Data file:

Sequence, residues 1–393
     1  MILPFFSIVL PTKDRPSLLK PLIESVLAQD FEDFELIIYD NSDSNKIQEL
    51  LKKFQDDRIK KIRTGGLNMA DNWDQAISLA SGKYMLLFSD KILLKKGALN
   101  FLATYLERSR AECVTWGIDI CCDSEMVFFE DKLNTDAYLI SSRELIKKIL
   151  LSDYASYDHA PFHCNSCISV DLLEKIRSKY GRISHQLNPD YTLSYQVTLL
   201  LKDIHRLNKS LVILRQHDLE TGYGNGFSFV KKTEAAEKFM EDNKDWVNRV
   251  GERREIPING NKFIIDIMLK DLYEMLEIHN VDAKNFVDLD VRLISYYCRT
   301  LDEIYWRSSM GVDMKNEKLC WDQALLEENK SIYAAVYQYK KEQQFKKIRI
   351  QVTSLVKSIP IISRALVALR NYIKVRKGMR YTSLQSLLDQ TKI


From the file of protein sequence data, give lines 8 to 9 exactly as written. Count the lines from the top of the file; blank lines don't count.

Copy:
   301  LDEIYWRSSM GVDMKNEKLC WDQALLEENK SIYAAVYQYK KEQQFKKIRI
   351  QVTSLVKSIP IISRALVALR NYIKVRKGMR YTSLQSLLDQ TKI